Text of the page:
Christ’s blood reveals to man that his greatness, and therefore his vocation, consists in the sincere gift of self. Precisely because it is poured out as the gift of life, the blood of Christ is no longer a sign of death, of definitive separation from the brethren, but the instrument of a communion which is richness of life for all. Whoever in the Sacrament of the Eucharist drinks this blood and abides in Jesus is drawn into the dynamism of his love and gift of life, in order to bring to its fullness the original vocation to love which belongs to everyone…. It is from the blood of Christ that all draw the strength to commit themselves to promoting life. It is precisely this blood that is the most powerful source of hope, indeed it is the foundation of the absolute certitude that in God’s plan life will be victorious.
Saint Pope John Paul II, The Gospel of Life
With so many people in quarantine, no public Masses, etc, initiatives to livestream events such as the Mass, the Rosary, Stations of the Cross, etc. are popping up everywhere.
It occurred to me that it might be helpful to consolidate some of the relevant links and order them by hour, kind of like an online TV guide, so people can find the resources in one place at any time of day.
I haven’t exactly worked out what the user interface will be, but I will make it in a format that is mobile-friendly and doesn’t require logging in to a service like Facebook.
In this effort, I could use your help. If you have any suggestions, please add them in the comments box. Thanks in advance for your assistance!
NOTE: I don’t plan on creating an exhaustive directory of every parish that’s live-streaming the Mass. I think there are dozens… if not hundreds… of parishes doing this for their congregations. If you’re looking for your own parish’s streaming events, I recommend you start by visiting the website for your parish.
8:15 am Eastern Time
Bishop Robert Barron writes:
Friends, in an effort to continue the practice of our faith in these trying times, when many parishes have closed due to restrictions around the coronavirus, we invite you to join us online for daily Mass from my chapel. The celebrant will either be myself or Fr. Steve Grunow, the CEO at Word on Fire. You can find all the videos at https://wordonfire.org/daily-mass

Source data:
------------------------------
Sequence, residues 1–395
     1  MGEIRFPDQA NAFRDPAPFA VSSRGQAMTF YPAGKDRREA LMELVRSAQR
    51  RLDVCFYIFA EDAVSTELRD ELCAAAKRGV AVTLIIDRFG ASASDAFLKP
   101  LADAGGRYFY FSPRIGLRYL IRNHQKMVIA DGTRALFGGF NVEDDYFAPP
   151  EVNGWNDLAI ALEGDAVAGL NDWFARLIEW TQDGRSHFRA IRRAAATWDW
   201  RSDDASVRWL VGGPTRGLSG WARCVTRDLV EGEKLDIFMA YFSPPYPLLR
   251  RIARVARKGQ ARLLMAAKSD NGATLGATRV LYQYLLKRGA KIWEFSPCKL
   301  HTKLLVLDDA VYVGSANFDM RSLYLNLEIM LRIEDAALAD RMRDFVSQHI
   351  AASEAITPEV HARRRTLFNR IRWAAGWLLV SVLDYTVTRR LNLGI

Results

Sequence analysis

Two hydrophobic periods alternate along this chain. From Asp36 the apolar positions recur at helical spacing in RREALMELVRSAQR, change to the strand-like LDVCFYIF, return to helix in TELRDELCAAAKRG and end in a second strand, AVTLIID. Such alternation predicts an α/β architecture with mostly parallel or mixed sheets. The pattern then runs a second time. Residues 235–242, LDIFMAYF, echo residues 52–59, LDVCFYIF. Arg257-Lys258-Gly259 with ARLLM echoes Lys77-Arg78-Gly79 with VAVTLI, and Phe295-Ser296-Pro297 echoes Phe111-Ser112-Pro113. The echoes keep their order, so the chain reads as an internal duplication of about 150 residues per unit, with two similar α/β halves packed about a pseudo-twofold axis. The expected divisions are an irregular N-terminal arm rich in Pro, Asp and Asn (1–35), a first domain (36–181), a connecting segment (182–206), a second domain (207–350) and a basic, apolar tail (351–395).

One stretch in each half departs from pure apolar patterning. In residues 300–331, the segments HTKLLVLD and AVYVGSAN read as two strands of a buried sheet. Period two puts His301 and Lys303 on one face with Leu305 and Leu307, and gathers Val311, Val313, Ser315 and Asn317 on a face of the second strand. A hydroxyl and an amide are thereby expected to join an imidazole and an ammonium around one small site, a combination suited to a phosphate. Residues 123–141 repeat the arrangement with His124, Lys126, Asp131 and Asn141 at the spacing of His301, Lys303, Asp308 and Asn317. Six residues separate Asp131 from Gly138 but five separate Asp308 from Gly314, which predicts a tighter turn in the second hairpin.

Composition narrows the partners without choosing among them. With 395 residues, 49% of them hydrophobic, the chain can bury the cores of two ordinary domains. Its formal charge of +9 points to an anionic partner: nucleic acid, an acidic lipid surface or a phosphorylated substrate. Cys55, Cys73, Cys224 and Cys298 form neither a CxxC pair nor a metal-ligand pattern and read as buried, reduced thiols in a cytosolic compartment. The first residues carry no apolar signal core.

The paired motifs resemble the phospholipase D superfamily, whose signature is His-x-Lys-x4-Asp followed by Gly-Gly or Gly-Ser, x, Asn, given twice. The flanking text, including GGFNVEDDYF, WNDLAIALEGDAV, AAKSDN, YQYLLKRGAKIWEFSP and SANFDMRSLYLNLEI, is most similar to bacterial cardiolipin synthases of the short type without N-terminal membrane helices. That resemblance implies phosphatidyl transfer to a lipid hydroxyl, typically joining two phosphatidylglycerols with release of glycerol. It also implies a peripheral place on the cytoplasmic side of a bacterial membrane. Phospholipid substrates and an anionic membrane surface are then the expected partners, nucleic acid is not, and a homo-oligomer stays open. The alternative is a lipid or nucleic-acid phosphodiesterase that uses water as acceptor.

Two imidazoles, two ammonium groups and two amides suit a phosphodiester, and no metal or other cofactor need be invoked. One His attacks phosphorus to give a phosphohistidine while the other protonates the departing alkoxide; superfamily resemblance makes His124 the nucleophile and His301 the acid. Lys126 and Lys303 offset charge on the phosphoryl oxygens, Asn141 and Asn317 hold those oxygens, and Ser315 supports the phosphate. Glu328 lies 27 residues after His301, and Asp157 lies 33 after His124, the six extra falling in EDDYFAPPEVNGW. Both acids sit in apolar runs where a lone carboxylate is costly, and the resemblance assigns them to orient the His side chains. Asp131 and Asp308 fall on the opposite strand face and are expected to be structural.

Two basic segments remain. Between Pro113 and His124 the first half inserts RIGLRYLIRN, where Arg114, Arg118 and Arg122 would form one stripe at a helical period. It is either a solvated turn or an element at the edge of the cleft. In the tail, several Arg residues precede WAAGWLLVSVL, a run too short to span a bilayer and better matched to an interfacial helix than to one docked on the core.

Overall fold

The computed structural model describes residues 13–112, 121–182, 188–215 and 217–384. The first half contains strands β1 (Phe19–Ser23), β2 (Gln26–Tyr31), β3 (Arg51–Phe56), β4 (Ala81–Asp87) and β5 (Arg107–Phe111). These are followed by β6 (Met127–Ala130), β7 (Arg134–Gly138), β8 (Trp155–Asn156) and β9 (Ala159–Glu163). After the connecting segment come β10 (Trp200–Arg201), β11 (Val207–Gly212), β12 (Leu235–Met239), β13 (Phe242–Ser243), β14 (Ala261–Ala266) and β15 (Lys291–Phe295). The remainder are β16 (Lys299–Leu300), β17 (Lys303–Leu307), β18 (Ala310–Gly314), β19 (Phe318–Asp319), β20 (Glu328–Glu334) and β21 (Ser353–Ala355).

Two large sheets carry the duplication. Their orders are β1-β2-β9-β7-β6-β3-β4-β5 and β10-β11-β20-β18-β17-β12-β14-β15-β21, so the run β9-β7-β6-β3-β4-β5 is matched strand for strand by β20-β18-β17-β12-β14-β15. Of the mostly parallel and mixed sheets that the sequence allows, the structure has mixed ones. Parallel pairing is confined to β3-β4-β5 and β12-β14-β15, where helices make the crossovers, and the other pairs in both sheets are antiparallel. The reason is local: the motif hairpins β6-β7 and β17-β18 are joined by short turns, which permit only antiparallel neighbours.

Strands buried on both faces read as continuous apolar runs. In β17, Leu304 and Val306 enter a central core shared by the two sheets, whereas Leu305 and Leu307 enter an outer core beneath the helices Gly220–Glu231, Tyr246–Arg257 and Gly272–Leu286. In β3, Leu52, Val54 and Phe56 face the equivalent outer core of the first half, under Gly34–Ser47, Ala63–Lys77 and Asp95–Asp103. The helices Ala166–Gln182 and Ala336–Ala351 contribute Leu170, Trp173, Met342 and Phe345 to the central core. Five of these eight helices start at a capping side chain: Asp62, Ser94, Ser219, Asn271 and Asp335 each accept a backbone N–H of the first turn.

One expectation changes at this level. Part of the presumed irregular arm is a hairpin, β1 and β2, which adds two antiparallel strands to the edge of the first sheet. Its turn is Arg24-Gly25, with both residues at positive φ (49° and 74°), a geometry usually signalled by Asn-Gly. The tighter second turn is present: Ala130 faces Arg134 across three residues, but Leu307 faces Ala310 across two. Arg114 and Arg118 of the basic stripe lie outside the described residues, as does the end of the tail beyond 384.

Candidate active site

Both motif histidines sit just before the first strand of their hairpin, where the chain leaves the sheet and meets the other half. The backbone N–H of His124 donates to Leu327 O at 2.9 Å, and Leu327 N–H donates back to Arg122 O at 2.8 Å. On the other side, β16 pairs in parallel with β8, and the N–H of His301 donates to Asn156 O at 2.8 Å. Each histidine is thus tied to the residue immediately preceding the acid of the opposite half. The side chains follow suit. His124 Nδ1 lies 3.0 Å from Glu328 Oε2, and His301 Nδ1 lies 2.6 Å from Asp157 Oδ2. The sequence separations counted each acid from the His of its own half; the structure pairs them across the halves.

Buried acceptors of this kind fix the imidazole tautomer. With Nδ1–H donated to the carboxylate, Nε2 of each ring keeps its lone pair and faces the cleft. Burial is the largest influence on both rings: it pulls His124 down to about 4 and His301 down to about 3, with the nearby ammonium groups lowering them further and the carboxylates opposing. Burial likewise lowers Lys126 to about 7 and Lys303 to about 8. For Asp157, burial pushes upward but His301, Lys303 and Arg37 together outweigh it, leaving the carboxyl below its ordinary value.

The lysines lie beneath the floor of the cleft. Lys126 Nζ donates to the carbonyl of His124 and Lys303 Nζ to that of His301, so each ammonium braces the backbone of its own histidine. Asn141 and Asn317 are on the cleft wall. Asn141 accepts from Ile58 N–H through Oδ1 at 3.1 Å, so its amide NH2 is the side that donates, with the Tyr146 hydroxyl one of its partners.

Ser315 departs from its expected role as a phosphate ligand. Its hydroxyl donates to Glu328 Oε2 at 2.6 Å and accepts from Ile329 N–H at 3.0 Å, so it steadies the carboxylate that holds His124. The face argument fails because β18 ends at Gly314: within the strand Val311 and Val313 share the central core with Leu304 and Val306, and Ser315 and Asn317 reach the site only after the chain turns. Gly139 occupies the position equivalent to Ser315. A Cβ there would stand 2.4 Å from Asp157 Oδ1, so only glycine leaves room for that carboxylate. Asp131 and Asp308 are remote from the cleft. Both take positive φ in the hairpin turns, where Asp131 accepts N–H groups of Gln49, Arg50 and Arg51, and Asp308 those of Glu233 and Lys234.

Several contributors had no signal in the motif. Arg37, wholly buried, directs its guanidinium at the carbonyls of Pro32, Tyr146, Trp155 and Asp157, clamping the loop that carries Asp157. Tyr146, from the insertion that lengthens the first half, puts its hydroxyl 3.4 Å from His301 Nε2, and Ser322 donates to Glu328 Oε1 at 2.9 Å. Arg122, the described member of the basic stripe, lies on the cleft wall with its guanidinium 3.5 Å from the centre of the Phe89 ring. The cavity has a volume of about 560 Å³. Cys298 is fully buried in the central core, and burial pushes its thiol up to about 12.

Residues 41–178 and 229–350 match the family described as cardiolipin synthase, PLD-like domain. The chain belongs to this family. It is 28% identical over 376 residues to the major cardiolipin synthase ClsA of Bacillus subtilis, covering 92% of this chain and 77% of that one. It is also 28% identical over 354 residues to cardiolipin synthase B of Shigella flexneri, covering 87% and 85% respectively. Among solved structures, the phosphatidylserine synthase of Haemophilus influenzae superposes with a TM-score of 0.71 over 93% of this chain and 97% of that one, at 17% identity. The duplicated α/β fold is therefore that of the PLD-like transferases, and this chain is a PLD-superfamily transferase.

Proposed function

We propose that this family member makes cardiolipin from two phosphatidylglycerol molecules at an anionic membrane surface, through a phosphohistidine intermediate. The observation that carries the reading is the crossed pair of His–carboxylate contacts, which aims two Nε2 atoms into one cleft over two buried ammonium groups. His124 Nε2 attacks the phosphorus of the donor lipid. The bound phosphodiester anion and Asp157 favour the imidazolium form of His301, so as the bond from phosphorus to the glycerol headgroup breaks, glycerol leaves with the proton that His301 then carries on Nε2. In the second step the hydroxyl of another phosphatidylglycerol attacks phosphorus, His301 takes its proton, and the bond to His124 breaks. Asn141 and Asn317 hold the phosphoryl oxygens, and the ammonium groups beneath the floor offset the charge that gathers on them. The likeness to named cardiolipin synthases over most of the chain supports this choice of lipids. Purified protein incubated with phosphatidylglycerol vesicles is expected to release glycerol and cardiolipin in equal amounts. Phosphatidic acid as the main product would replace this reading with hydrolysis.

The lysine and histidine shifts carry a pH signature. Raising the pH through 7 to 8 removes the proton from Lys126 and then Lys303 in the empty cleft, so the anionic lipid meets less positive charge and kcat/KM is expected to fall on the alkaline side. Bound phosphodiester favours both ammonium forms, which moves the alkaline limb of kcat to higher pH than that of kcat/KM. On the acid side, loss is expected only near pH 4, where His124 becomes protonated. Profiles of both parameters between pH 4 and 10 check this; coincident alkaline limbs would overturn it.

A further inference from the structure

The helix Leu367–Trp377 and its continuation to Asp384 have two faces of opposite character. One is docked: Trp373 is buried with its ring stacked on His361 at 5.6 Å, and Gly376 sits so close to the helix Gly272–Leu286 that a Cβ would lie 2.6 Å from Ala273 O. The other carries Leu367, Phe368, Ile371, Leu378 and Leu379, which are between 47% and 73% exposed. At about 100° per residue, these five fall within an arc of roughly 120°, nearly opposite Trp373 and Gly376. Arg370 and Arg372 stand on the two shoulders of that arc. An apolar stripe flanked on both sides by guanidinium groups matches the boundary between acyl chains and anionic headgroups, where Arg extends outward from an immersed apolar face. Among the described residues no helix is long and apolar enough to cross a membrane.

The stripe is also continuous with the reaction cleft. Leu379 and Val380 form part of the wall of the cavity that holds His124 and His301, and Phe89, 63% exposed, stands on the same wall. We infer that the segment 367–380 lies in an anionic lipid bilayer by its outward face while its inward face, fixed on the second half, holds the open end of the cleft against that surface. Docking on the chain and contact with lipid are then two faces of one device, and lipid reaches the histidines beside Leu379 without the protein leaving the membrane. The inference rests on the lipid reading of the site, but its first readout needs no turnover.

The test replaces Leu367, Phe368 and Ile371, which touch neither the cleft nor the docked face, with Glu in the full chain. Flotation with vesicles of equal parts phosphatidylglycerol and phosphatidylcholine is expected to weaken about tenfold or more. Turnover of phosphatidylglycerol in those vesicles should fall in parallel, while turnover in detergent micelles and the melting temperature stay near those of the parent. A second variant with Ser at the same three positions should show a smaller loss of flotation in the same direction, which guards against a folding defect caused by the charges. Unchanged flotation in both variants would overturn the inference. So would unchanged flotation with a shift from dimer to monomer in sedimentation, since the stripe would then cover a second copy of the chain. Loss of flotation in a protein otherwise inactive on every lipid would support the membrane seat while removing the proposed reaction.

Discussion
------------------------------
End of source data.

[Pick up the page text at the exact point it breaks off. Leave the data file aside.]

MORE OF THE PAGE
Join Rosary Army soldiers around the world in praying the Rosary for your personal intentions, as well as for healing, peace, and an end to the coronavirus pandemic. https://twitter.com/rosaryarmy
Now that public Masses (that is, Masses with the lay faithful in attendance) have been cancelled throughout the United States, it’s a good time to think through the wisdom of this decision. Here is an article that may help: Why Cancelling Public Masses is the Right Spiritual Decision for the Faithful
… The crucial difference between the martyrs and the laity in the time of the coronavirus is this: we are not facing a decision to sacrifice ourselves; we are facing a decision which affects others. A single person may sacrifice themselves for the sake of a friend. They do not sacrifice their loved ones whom they are charged to defend, especially the weak under their protection.
Of course, I am not an epidemiologist, but the average layman has access to enough basic details about this virus to make a sound moral analysis. Consider what we know: this virus is highly fatal to the weakest among us; many experience only mild symptoms or may even be asymptomatic. This creates a perfect storm for accidental transmission of the virus, especially from the relatively young and healthy to the relatively elderly and/or sick. No one can be completely sure that they will not pass the virus on to others. In fact, right now it appears that very many will get sick and most (or at least a significant number of) transmissions may indeed happen without the transmitter even being aware that they are sick.
It seems to me that the decision of our bishops to cancel public Masses needs to be seen particularly within this context. They are decidedly not choosing a lower good over a higher good, i.e. preserving a particular set of individuals’ bodily health over their spiritual health. Rather, the bishops are helping us care for the vulnerable whose lives are ours to protect.
On Saturday, January 12, 2008, Rosalind Moss (now Mother Miriam, OSB), spoke to the participants of the RCIA Hollywood program. She shared about her journey as a Jewish woman into the Catholic faith, and, in particular, about her discovery about the meaning of the Mass and the Eucharist.
“I’m Jewish. And I’m Catholic, because I believe that Jesus Christ… is the Jewish Messiah; in fact, he’s God. And He came to earth, and He died for our sins, and He rose to give us life, and He established a church, and it’s the Catholic Church, so I’m in it. And so the most Jewish thing a person can do is to be Catholic.”
I’ve created a new category on my blog for posts about the Eucharist. Here are a few past posts: